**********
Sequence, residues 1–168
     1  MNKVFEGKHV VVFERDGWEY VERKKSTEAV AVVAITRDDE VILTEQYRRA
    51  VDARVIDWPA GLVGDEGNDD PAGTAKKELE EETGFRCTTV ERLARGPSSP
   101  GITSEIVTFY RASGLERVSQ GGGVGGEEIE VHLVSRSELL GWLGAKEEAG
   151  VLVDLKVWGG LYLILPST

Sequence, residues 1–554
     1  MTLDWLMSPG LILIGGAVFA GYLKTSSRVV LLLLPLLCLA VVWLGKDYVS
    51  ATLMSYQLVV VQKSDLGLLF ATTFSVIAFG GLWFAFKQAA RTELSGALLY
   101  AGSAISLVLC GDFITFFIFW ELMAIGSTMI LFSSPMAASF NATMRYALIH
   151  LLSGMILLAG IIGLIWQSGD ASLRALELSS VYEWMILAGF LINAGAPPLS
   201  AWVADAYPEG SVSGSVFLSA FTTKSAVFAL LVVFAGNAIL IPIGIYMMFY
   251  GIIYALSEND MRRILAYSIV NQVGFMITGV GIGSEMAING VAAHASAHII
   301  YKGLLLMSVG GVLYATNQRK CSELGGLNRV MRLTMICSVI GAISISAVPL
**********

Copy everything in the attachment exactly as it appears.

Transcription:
Sequence, residues 1–168
     1  MNKVFEGKHV VVFERDGWEY VERKKSTEAV AVVAITRDDE VILTEQYRRA
    51  VDARVIDWPA GLVGDEGNDD PAGTAKKELE EETGFRCTTV ERLARGPSSP
   101  GITSEIVTFY RASGLERVSQ GGGVGGEEIE VHLVSRSELL GWLGAKEEAG
   151  VLVDLKVWGG LYLILPST

Sequence, residues 1–554
     1  MTLDWLMSPG LILIGGAVFA GYLKTSSRVV LLLLPLLCLA VVWLGKDYVS
    51  ATLMSYQLVV VQKSDLGLLF ATTFSVIAFG GLWFAFKQAA RTELSGALLY
   101  AGSAISLVLC GDFITFFIFW ELMAIGSTMI LFSSPMAASF NATMRYALIH
   151  LLSGMILLAG IIGLIWQSGD ASLRALELSS VYEWMILAGF LINAGAPPLS
   201  AWVADAYPEG SVSGSVFLSA FTTKSAVFAL LVVFAGNAIL IPIGIYMMFY
   251  GIIYALSEND MRRILAYSIV NQVGFMITGV GIGSEMAING VAAHASAHII
   301  YKGLLLMSVG GVLYATNQRK CSELGGLNRV MRLTMICSVI GAISISAVPL